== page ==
Friday, 28 December 2012
Malaysia at Crossroads
Excellent collection of critical articles in The Edge of December 24, 2012.
“…. political integrity to replace the dirty, corrupt and adversarial with idealism, activism and intellectualism based on values, knowledge, wisdom, service, transparency, accountability and good governance”
Datuk Saifuddin Abdullah, Deputy Minister of Higher Education
“In Malaysia, corruption is not a random or occasional occurrence but tends to be systemic and cuts across authoritarian and democratic regimes. Kleptocrats are usually not merely mid-level officials who extort money or receive bribes as means to make ends meet, but high-ranking officials and top-level politicians who engage in corrupt acts to do business and accumulate wealth. The question for Malaysians is, are we a country in which corruption is the dominant means of doing business and can be referred to as the fifth factor of production? To the extent that kleptocratic rule develops and expands, whatever genuine democratic forces there are will recede into the background. This is because the kind of democracy that is based on good governance and accountability to the people is antithetical to the interests of the kleptocrats. At most, a formal and limited form of democracy will survive.”
Syed Farid Alatas, head of Department of Malay Studies, NUS
“Malaysia outperformed most other developing economies because its civil service, police, judiciary, universities, schools, political parties, regulatory agencies and development institutions were often first world in quality. It may not be a popular thing to say but it is a fact that Malaysia’s institutional edge has diminished in the past 20 years. Without institutional revitalization, Malaysia will not resolve corruption and crime. Neither will it be able to build the human capital needed to compete effectively nor will it be able to reverse the brain drain and attract the talent needed to excel.”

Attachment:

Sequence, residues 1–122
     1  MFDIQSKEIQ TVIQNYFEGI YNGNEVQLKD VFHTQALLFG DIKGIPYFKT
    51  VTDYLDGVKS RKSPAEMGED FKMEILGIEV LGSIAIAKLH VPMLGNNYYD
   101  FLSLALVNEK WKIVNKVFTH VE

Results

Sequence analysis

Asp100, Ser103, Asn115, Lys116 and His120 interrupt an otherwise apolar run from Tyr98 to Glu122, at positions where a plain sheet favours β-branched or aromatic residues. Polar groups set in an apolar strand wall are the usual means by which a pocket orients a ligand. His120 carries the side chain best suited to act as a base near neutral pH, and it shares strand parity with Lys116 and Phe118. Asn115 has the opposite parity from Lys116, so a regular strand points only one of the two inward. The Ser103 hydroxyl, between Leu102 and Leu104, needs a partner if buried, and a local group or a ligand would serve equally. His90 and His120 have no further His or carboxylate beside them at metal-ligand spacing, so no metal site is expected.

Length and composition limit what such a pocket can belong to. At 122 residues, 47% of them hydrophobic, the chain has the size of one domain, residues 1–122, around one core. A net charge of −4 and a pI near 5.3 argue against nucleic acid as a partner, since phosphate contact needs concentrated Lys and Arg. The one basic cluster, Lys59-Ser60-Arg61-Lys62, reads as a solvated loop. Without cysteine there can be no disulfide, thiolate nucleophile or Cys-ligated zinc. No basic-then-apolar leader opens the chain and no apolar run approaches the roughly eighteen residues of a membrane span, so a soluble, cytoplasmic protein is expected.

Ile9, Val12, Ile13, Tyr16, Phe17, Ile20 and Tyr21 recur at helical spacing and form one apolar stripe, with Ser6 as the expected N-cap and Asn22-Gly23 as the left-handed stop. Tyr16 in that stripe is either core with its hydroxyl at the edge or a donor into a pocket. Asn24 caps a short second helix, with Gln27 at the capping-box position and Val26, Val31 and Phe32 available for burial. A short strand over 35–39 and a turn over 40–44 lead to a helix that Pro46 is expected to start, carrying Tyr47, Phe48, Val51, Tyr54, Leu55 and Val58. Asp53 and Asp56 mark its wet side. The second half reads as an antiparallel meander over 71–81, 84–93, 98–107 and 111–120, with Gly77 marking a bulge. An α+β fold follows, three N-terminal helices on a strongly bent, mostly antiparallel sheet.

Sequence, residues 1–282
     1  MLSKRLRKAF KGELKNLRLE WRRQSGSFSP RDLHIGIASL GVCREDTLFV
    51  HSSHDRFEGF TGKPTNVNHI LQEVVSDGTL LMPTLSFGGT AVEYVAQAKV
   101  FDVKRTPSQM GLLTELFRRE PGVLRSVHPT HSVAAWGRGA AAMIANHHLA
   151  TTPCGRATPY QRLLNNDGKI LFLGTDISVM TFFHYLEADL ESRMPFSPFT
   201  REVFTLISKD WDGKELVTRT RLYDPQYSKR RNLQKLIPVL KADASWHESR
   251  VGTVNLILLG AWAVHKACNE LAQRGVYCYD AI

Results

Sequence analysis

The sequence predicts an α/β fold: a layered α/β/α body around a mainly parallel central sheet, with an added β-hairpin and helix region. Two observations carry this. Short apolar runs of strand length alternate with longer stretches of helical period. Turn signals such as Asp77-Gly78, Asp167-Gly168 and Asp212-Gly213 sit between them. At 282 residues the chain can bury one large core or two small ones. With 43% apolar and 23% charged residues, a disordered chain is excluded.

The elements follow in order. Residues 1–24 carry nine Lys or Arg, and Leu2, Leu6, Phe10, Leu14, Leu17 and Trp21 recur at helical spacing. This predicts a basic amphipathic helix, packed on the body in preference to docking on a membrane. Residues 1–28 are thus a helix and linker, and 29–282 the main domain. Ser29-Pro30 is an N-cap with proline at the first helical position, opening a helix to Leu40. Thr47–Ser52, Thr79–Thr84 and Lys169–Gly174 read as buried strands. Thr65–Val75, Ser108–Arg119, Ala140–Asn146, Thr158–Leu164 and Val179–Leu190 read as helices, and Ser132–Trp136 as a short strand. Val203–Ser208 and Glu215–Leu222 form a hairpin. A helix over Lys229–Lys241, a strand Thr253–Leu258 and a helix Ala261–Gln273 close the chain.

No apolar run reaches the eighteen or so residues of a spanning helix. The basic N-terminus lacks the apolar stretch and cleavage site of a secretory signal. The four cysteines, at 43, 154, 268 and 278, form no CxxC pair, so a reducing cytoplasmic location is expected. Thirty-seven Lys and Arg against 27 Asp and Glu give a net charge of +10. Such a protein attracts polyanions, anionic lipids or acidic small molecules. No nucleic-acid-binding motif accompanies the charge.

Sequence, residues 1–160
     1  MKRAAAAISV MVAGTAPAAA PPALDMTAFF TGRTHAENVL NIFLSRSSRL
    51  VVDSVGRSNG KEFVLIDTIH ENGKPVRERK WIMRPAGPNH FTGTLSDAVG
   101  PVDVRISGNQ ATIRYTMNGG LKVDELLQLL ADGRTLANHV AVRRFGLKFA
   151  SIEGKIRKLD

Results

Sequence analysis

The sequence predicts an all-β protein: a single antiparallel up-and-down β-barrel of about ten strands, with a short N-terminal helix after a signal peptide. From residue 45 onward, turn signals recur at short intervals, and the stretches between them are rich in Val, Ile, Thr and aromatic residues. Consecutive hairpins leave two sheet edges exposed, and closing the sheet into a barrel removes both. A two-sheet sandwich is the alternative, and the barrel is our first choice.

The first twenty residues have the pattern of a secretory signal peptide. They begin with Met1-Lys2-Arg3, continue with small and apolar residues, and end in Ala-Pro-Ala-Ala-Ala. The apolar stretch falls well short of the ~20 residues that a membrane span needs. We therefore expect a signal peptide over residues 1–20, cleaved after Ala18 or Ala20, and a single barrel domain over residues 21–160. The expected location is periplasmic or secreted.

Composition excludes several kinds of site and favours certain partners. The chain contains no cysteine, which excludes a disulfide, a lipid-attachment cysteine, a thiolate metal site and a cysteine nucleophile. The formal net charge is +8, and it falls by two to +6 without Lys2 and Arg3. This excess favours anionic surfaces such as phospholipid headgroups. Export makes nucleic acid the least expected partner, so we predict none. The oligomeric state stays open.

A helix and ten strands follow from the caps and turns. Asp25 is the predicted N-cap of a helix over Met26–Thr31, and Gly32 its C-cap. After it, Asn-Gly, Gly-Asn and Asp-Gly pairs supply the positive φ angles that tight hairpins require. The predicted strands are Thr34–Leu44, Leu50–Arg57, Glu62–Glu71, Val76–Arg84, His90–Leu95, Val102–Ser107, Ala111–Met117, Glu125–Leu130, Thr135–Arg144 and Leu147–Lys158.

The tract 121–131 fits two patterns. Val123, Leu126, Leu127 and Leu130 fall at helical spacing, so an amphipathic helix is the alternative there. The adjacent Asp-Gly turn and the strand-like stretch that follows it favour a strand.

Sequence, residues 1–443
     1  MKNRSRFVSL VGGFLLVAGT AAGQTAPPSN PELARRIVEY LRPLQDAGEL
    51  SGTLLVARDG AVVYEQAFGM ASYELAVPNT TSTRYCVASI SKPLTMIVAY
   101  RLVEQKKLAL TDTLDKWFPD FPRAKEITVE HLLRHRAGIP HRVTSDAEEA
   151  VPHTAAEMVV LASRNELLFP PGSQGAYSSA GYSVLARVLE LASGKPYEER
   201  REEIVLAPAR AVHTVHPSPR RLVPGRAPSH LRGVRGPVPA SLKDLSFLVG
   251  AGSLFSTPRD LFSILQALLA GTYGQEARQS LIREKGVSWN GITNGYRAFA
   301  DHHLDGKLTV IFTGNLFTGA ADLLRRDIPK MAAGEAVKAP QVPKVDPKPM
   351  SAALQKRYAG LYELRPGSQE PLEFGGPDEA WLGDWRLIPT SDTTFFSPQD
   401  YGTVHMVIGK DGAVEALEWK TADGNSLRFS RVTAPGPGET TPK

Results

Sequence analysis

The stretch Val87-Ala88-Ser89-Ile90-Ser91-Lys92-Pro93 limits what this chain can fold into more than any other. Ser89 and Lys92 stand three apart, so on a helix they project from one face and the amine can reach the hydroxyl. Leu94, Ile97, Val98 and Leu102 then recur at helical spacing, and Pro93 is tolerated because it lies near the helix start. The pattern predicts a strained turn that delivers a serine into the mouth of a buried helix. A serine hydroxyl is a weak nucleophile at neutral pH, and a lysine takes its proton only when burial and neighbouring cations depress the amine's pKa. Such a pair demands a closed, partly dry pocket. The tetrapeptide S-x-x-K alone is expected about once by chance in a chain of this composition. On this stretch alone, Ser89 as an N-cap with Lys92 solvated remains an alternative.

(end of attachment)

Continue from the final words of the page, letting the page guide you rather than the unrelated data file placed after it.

Manu Bhaskaran, partner and head of economic research at Centennial Group
“There are still many instruments of control that effectively stifle genuine discussion of issues that matter to the country. Do we want a society that values and protects our freedom to debate and discuss issues of importance to us? Or one that would rather have us remain quiet and disengage ourselves from the national discourse?”
Malek Ali, founder of BFM 89.9
“This mentality is reflected in our poor track record for civil and political rights, free and fair elections, transparent governance, press freedom and respect for the dignity of all persons regardless of race, gender and religion. Malaysia has yet to sign the United Nations convention on the elimination of all forms of racial discrimination and the covenants on civil, political, economic, social and cultural rights. The national economy, while important, may not be the crucial election issue. What matters if we are to get over the Third World mentality is to cross the racial and ideological divides, to root out the corruption and patronage, eradicate institutional discrimination, and depoliticise the police and judiciary.
Eric Loo, journalist